Disaster-hit Kakheti region continues receiving lots of attention from government and opposition after strong wind, hailstorm and flooding overnight on July 19 wreaked havoc on housing and crop lands as relief efforts have also turned into a campaign issue ahead of the October parliamentary elections.
Most of the debates have been centered on Georgian Dream leader Bidzina Ivanishvili’s decision to pay his multi-million fine, which he said was his contribution to the relief efforts. The Georgian Dream claims that the payment of GEL 80 million fine was the only legal way for Ivanishvili to donate money for disaster relief and the opposition coalition is now actively campaigning in Kakheti region to deliver this message to locals, saying that the state budget has now additional GEL 80 million which allows the government to fully compensate for inflicted damage.
“We came here in Kakheti to tell the local residents that there is all the resources available in the state budget in order to fully compensate for their damages, including, not only for damaged houses, ripped off roofs, destroyed household belongings, but also for lost crops and livestock,” Maia Panjikidze, a spokesperson for the Georgian Dream, said while speaking with reporters in the disaster-hit town of Telavi on July 30.
She said that the Georgian Dream was setting up its “monitoring teams”, which would be visiting “each and every family to tell them that there is in the budget GEL 80 million, which Bidznia Ivanishvili has transferred with a purpose to fully compensate for inflicted damage.”
“Monitoring teams will register households’ damage through special questionnaires… afterwards we will put any possible pressure on the government in order to fully compensate for the entire damage,” she said.
The Georgian Dream, which slammed aid package, pledged by the government, as “meager compensation”, has also vowed to fully compensate for the damage in case of victory in the October parliamentary elections.
The authorities try to counter the Georgian Dream’s claims about multi-million payment by arguing that charity is only a pretext on which Ivanishvili wants to capitalize ahead of elections and the real motive behind Ivanishvili’s multi-million payment was to regain control over his banking assets, which were seized by the state after his initial refusal to pay the fine. Government supporters also stress that Ivanishvili first toured villages in the Kakheti region on July 22, only three days after the disaster hit the region.
Meanwhile, the government announced on July 29 about recruiting 300 volunteers, mostly students, who are visiting households in Kakheti region to register, as the officials say, in details all the damage inflicted to the families. These “teams of volunteers”, as the authorities call them, have special questionnaires which are filled out with a purpose to record all the damage in any particular household.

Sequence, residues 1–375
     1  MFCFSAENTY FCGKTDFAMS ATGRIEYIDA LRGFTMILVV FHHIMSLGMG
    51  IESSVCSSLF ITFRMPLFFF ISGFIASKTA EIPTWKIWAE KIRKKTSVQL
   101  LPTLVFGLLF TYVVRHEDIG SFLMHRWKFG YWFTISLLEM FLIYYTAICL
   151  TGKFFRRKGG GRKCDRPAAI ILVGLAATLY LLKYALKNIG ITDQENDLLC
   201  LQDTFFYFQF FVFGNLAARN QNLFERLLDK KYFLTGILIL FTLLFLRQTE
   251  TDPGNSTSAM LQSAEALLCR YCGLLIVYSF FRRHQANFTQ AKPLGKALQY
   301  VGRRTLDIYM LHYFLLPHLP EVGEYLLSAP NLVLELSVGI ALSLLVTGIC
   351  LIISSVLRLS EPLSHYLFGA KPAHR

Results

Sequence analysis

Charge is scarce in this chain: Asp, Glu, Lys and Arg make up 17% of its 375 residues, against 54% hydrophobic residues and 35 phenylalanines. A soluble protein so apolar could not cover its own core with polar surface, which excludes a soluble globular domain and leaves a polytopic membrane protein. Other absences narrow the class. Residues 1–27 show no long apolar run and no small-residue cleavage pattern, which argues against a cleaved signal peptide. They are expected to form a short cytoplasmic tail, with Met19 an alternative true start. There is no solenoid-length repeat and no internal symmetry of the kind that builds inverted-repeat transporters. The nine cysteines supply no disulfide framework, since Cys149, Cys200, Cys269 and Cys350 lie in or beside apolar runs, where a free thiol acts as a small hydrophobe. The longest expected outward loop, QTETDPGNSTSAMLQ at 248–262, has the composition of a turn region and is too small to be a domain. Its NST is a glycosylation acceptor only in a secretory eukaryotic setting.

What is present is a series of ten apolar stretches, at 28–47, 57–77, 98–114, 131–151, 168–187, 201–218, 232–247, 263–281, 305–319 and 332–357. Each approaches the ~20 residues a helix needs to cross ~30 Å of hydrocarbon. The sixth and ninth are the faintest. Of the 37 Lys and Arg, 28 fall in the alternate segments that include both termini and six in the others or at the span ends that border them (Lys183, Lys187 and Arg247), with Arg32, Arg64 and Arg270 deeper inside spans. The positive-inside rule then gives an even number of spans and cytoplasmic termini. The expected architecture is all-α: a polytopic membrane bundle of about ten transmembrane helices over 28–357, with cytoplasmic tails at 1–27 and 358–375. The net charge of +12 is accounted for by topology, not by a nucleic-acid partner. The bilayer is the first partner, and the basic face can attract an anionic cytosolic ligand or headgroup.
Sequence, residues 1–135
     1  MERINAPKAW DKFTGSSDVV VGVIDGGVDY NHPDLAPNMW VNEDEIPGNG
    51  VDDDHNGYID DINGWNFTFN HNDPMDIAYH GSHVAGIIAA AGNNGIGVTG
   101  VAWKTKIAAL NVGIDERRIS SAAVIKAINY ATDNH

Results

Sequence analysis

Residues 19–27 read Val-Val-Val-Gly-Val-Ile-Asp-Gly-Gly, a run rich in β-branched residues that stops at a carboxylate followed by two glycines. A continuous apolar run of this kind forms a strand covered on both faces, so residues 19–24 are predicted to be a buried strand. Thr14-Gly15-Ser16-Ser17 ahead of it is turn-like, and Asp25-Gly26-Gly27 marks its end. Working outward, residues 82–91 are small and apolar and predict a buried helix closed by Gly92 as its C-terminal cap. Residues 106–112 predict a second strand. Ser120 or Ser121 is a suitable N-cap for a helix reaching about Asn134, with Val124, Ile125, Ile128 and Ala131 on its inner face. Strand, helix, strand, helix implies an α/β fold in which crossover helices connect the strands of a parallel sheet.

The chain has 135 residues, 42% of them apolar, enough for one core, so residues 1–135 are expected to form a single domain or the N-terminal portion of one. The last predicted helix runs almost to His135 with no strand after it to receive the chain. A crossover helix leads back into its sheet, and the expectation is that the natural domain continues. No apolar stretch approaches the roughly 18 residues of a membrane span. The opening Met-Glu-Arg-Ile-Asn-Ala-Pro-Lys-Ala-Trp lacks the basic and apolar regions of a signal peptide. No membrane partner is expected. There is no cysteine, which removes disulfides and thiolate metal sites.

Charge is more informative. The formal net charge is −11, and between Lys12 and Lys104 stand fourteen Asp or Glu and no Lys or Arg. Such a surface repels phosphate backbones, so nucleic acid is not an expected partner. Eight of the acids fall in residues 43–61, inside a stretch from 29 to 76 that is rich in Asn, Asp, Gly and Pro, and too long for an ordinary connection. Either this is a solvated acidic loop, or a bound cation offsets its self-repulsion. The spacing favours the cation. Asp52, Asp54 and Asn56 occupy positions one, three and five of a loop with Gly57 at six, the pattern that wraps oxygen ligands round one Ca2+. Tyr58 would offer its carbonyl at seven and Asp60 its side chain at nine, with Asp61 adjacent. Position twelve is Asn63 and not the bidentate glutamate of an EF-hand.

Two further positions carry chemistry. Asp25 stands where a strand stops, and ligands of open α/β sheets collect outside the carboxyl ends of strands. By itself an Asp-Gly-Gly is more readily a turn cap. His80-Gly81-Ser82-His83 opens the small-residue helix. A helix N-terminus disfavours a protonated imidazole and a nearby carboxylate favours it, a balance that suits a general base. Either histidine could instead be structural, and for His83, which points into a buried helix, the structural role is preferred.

Ex-head of the state audit agency, Levan Bezhashvili, who is now president’s envoy tasked to coordinate relief efforts, met on July 30 with coordinators of these “teams of volunteers” to discuss the process.
“We should go into each and every family and ask each peasant what kind of damage the disaster inflicted on them… in order to then elaborate concrete government assistance programs,” Bezhashvili said at the meeting.
President Saakashvili, who is active in holding campaign meetings in various parts of the country, visited Kakheti region for multiple times since the disaster. On July 30 Saakashvili, who was dressed in a military uniform, addressed in Telavi military servicemen, who were sent to the region to help in disaster relief efforts. He thanked troops, which were withdrawn from Kakheti on July 30, for their contribution and said that not all the damaged houses were yet repaired, “but we’ll do that three times faster than any government of a foreign country could have done it.”
Saakashvili said that Kakheti region, which he described as “a brilliant embodiment of Georgia’s identity”, was hit with the disaster which inflicted material damage, which was not less than the one inflicted by the August, 2008 Russia’s aggression. He, however, also said that this disaster on the other hand was opening up new opportunity for the region as large-scale rehabilitation projects were planned.
He called on opponents “not to get under our feet and don’t hamper us in [implementing] these huge plans, which we have in respect of this region.”
“This disaster has inflicted a huge damage on us, but everyone has seen that not a single region, not a single, town or a village and not a single person will be left alone in the most difficult time,” Saakashvili said.
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